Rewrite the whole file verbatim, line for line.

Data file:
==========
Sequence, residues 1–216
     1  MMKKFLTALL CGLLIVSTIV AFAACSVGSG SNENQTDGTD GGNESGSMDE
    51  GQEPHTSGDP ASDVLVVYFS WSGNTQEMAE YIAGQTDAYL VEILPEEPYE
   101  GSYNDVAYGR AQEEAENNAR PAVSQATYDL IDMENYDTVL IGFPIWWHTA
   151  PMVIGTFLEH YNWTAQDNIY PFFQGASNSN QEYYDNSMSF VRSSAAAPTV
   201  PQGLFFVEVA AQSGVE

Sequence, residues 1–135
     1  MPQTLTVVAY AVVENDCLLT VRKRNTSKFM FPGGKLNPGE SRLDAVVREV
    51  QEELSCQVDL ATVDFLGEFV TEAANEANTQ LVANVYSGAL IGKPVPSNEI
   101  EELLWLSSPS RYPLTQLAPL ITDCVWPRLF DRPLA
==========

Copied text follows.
Sequence, residues 1–216
     1  MMKKFLTALL CGLLIVSTIV AFAACSVGSG SNENQTDGTD GGNESGSMDE
    51  GQEPHTSGDP ASDVLVVYFS WSGNTQEMAE YIAGQTDAYL VEILPEEPYE
   101  GSYNDVAYGR AQEEAENNAR PAVSQATYDL IDMENYDTVL IGFPIWWHTA
   151  PMVIGTFLEH YNWTAQDNIY PFFQGASNSN QEYYDNSMSF VRSSAAAPTV
   201  PQGLFFVEVA AQSGVE

Sequence, residues 1–135
     1  MPQTLTVVAY AVVENDCLLT VRKRNTSKFM FPGGKLNPGE SRLDAVVREV
    51  QEELSCQVDL ATVDFLGEFV TEAANEANTQ LVANVYSGAL IGKPVPSNEI
   101  EELLWLSSPS RYPLTQLAPL ITDCVWPRLF DRPLA